Then there's the bullpen. The report from the indispensable Radano that DL'd reliever Ryan Madson is expected back sometime this year is great news, and Brett Myers looked pretty sharp in notching his first save since May. Durbin might have the swing-and-miss stuff to be effective in relief, Geoff Geary's numbers suggest that he got himself straightened out while with Ottawa, and J.C. Romero--now the lone lefty in the pen--has been effective (1.17 ERA) since Gillick snagged him off waivers.
That's the good news. The bad is that Tom Gordon, the putative setup man, can't pitch consecutive days, and Myers probably won't for awhile at least. Romero's walks--he has 8 in 7.2 innings with the Phillies--will catch up with him, probably soon. Jose Mesa has nothing but a straight fastball and middle-aged guile; Antonio Alfonseca doesn't even have the guile.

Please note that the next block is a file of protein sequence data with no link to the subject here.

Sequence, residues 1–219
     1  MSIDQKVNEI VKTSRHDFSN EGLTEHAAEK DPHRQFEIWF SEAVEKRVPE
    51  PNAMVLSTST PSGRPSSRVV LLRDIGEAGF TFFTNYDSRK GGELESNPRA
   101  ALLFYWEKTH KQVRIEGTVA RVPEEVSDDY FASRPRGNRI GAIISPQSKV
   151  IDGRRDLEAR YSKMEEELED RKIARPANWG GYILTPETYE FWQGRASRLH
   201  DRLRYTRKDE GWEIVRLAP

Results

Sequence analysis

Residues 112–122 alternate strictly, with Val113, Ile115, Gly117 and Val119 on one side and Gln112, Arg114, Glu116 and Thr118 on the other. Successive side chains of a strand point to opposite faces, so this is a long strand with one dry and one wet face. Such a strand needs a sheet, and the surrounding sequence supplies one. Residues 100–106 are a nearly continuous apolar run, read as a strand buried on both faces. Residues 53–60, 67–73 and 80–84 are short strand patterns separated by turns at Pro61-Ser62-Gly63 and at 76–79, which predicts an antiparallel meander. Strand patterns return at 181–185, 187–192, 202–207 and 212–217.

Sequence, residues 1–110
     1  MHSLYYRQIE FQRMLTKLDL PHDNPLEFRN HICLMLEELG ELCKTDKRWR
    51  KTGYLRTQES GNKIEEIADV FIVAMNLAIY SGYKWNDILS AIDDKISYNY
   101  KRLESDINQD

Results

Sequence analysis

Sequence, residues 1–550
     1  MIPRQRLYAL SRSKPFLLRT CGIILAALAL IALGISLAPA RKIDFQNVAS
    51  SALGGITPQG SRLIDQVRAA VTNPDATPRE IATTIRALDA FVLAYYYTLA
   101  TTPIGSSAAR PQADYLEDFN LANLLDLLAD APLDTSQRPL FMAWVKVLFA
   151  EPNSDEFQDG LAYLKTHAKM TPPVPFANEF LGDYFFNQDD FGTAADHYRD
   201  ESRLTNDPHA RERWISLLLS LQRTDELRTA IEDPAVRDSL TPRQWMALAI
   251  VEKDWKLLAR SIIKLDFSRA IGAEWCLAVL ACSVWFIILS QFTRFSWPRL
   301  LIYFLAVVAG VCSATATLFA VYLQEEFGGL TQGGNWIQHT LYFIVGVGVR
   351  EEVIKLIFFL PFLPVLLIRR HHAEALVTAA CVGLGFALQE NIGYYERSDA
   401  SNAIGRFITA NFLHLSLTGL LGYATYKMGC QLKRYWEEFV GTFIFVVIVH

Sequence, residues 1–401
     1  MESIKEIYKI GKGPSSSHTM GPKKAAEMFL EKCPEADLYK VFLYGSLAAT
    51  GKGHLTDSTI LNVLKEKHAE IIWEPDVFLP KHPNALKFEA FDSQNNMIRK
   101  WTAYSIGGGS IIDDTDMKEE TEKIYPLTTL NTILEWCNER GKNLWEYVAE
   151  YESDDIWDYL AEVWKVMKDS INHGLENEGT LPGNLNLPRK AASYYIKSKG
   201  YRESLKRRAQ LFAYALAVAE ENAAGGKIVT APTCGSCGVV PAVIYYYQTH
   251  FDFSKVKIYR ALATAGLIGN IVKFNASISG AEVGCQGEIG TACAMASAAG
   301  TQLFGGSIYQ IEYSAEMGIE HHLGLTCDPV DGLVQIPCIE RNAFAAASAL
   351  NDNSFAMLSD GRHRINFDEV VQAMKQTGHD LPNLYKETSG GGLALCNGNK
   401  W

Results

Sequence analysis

Much as it pains me to admit it, the team needs another reliever, ideally a lefty. Pittsburgh's Damaso Marte would be my first choice, but with Bourn likely either hurt or needed to fill in for Victorino, it's dubious that the Phils have a good fit. (Bourn straight up for Marte might have been an awful deal anyway, but it's one the Pirates probably would have jumped at.)
Maybe Durbin or Geary steps up in a big way, Gordon keeps it together enough to be effective for two more months, and Myers returns as the absolutely dominant closer he looked like for awhile this spring. Maybe Moyer summons up his full Jedi powers in pursuit of one last shot at a ring. Maybe Eaton has the best stretch of his career, Lohse decides to earn himself a few million extra bucks in his last months before free agency, and Hamels goes all Orel Hershiser 1988 on the league. Longshots all, but unless and until the Phils' walking wounded return, the team's hopes rest on its collection of arms.